Plague is an infection caused by the bacterium Yersinia pestis. This organism is carried by rats and other rodents and spread by the bite of a flea (Xenopsylla cheopsis) or ingestion of the faeces of fleas through contaminated food.
How does it spread?
Plague usually begins with the rat carrying the bacteria. When a flea feeds on the infected rat’s blood, this organism begins to multiply inside the body of the flea. The flea may also bite other organisms such as dogs and man. When it bites it regurgitates its contaminated blood onto its prey, where the plague-causing organism enters the new host’s body through the mouth or an exposed wound.
Plague may also spread from one infected person to another, through droplets while coughing. An epidemic may start this way.
What are the symptoms?
The symptoms vary with the type of the infection. There are three types of
plague infection: Bubonic, Pneumonic and Septicaemic.
Bubonic plague: In
this case, the bacteria invade lymph nodes, which swell and are called ‘Buboes’.
Blood vessels break, causing internal bleeding. This blood dries and the skin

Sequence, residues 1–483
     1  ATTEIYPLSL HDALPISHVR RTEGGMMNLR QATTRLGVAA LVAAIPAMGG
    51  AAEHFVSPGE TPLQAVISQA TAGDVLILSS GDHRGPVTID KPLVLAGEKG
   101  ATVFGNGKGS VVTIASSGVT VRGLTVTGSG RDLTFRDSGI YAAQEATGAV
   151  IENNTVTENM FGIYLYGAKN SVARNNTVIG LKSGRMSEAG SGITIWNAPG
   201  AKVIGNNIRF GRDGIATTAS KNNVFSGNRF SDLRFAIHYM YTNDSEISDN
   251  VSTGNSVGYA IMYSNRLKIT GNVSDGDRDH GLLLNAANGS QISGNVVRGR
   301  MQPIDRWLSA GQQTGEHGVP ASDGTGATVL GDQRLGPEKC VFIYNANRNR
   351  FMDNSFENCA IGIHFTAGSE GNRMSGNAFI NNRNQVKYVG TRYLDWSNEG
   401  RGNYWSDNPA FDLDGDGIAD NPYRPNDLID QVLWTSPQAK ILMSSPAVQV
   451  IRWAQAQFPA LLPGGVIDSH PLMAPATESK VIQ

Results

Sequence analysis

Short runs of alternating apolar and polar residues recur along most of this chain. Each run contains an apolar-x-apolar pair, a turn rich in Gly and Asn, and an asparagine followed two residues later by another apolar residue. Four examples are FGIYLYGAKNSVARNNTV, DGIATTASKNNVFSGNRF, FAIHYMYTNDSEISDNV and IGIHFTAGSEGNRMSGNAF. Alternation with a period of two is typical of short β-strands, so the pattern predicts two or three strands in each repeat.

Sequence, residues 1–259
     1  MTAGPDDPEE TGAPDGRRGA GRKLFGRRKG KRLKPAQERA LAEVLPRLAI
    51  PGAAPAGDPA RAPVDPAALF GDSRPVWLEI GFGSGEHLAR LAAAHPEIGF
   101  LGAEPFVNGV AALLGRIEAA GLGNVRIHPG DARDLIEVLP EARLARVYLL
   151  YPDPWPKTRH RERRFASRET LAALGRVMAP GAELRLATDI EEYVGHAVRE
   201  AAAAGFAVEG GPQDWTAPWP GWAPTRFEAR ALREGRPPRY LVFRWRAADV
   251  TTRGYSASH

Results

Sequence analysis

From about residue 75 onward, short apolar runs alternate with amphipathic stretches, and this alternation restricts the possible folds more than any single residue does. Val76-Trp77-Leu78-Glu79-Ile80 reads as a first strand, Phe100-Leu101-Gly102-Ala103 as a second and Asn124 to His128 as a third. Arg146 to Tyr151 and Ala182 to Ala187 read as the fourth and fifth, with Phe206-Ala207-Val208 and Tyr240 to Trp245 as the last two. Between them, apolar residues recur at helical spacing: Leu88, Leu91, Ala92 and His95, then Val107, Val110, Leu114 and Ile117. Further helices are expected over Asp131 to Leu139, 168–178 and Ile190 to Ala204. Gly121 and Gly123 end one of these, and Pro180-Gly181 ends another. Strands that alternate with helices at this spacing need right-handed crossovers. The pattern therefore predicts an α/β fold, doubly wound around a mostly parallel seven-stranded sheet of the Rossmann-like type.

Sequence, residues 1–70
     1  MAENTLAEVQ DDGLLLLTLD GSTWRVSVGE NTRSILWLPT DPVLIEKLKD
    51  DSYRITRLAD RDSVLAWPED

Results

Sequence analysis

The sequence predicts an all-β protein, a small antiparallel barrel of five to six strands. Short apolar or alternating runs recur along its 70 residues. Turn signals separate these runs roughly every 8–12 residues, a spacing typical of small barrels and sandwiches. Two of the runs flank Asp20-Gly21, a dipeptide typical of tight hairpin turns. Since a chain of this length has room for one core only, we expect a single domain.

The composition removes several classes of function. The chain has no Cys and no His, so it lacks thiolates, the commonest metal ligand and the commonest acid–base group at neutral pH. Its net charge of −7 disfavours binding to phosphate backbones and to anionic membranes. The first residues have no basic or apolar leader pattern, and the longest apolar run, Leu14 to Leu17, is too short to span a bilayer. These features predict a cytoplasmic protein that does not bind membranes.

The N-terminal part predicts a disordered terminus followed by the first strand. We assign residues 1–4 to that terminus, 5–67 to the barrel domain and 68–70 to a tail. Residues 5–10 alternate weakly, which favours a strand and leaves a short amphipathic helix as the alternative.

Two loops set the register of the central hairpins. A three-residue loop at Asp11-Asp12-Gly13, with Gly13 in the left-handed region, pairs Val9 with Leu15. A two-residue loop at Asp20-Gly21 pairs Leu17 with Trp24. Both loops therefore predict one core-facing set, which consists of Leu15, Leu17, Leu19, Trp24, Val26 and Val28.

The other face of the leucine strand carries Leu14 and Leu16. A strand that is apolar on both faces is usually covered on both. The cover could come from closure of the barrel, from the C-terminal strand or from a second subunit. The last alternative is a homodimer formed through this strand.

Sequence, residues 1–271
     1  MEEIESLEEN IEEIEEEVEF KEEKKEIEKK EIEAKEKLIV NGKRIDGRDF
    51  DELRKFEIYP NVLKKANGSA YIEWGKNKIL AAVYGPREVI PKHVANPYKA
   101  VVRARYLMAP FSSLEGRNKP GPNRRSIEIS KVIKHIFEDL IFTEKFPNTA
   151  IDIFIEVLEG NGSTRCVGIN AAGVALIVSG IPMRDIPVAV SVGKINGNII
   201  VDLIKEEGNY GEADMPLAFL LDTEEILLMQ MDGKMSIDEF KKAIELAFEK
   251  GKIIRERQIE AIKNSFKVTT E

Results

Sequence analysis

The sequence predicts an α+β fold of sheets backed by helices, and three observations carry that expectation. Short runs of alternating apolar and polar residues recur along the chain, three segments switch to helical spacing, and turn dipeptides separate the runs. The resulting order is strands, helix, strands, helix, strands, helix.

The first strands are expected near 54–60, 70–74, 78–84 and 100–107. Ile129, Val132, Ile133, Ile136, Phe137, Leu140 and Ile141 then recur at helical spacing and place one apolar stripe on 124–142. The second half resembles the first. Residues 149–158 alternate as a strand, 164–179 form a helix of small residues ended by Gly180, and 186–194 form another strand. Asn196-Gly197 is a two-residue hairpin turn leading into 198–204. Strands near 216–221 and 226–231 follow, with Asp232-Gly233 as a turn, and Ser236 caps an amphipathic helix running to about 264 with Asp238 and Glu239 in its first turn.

above it turns black hence it is called “Black Death”. Spread is slow from
person to person, but the mortality rate is very high (upto 75%) in untreated
cases. The signs of bubonic plague occur within 1-7 days of infection and
Sudden onset of high fever
General discomfort, uneasiness, or malaise
Smooth, oval, reddened, painful swellings called buboes in the groin,
armpits, neck, or elsewhere in the body
Swollen lymph glands
Pneumonic plague: The bacteria invade the
lungs of the victim causing pneumonia. The lungs are filled with frothy bloody
liquid. Other signs include:
Frothy, bloody sputum
Septicaemic plague results in sudden and intense
shock without signs of infections.
How is it diagnosed?
The doctor may suggest the following tests to diagnose plague:
Culture from the buboes
Lymph node culture
What is the treatment?
Plague can be effectively treated by giving antibiotics such as streptomycin, chloramphenicol, or tetracycline. Oxygen, intravenous fluids and respiratory support are additional treatments. Patients with pneumonic plague need to be isolated from other patients. People in contact with the patients of pneumonic plague are observed closely and may be given antibiotics as a preventive measure. Oral tetracycline is usually not prescribed for children whose permanent teeth have not erupted as it can permanently discolour teeth that are still forming.
How can it be prevented?
Rat control and monitoring of the disease are the main measures used to control
the risk of epidemics. A vaccination is available, but its effectiveness is not
clearly established. Other preventive measures that should be adopted are:
Keep food in closed containers
Burn or bury garbage
Use insect repellents on the skin
Use Permethrin insecticide on clothing and bedding
Spray or dust insecticides on floors inside and outside home